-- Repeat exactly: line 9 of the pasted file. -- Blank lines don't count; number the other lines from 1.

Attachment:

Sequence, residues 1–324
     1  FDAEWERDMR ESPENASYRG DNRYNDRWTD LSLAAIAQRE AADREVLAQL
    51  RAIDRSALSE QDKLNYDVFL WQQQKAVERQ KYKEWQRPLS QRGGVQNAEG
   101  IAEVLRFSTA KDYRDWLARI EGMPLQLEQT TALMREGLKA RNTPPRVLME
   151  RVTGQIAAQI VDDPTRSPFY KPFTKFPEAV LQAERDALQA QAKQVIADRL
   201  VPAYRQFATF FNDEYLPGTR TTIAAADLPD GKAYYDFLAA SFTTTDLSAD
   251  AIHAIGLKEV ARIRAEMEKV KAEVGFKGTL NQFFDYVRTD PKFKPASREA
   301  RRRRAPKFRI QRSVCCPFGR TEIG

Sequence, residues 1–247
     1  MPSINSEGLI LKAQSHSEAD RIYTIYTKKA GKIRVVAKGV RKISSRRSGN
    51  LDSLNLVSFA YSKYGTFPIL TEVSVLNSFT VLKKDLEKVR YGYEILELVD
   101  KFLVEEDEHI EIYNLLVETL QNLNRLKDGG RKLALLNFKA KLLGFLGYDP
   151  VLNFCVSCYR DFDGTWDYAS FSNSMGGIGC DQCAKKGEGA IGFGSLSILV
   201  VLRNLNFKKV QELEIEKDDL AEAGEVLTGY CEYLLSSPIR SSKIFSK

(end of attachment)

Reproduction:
Sequence, residues 1–247